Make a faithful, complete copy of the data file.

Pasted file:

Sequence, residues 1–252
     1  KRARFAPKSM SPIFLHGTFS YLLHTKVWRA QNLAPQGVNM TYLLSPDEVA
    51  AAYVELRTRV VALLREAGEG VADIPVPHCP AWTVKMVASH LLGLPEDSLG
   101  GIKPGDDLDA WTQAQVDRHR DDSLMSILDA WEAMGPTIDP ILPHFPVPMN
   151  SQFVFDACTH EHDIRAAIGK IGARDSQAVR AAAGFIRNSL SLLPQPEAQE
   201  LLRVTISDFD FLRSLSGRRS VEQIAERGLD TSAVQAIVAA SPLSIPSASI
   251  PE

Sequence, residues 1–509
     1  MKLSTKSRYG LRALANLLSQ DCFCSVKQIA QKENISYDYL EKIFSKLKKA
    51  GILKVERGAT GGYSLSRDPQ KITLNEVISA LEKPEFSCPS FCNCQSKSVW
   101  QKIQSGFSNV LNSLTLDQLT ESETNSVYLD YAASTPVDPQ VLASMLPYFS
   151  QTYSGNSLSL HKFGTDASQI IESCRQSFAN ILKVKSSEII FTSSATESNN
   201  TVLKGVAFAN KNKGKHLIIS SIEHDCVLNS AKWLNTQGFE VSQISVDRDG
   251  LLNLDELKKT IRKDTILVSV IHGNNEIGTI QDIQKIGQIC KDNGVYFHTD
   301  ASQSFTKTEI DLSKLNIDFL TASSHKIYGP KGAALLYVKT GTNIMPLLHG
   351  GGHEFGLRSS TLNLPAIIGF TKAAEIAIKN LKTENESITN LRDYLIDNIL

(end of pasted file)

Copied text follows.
Sequence, residues 1–252
     1  KRARFAPKSM SPIFLHGTFS YLLHTKVWRA QNLAPQGVNM TYLLSPDEVA
    51  AAYVELRTRV VALLREAGEG VADIPVPHCP AWTVKMVASH LLGLPEDSLG
   101  GIKPGDDLDA WTQAQVDRHR DDSLMSILDA WEAMGPTIDP ILPHFPVPMN
   151  SQFVFDACTH EHDIRAAIGK IGARDSQAVR AAAGFIRNSL SLLPQPEAQE
   201  LLRVTISDFD FLRSLSGRRS VEQIAERGLD TSAVQAIVAA SPLSIPSASI
   251  PE

Sequence, residues 1–509
     1  MKLSTKSRYG LRALANLLSQ DCFCSVKQIA QKENISYDYL EKIFSKLKKA
    51  GILKVERGAT GGYSLSRDPQ KITLNEVISA LEKPEFSCPS FCNCQSKSVW
   101  QKIQSGFSNV LNSLTLDQLT ESETNSVYLD YAASTPVDPQ VLASMLPYFS
   151  QTYSGNSLSL HKFGTDASQI IESCRQSFAN ILKVKSSEII FTSSATESNN
   201  TVLKGVAFAN KNKGKHLIIS SIEHDCVLNS AKWLNTQGFE VSQISVDRDG
   251  LLNLDELKKT IRKDTILVSV IHGNNEIGTI QDIQKIGQIC KDNGVYFHTD
   301  ASQSFTKTEI DLSKLNIDFL TASSHKIYGP KGAALLYVKT GTNIMPLLHG
   351  GGHEFGLRSS TLNLPAIIGF TKAAEIAIKN LKTENESITN LRDYLIDNIL